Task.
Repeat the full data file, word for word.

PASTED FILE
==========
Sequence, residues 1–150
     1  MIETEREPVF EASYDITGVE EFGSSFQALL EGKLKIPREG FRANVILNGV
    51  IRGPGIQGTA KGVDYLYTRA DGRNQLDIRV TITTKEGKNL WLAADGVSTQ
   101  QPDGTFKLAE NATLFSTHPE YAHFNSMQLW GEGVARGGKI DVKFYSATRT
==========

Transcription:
Sequence, residues 1–150
     1  MIETEREPVF EASYDITGVE EFGSSFQALL EGKLKIPREG FRANVILNGV
    51  IRGPGIQGTA KGVDYLYTRA DGRNQLDIRV TITTKEGKNL WLAADGVSTQ
   101  QPDGTFKLAE NATLFSTHPE YAHFNSMQLW GEGVARGGKI DVKFYSATRT